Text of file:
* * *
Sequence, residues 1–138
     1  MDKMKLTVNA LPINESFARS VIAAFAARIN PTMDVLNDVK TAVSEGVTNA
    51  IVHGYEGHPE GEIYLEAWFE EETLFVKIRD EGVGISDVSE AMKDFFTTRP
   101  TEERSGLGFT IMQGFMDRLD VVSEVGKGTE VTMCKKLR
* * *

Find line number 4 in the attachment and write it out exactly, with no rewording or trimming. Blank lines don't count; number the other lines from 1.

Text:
   101  TEERSGLGFT IMQGFMDRLD VVSEVGKGTE VTMCKKLR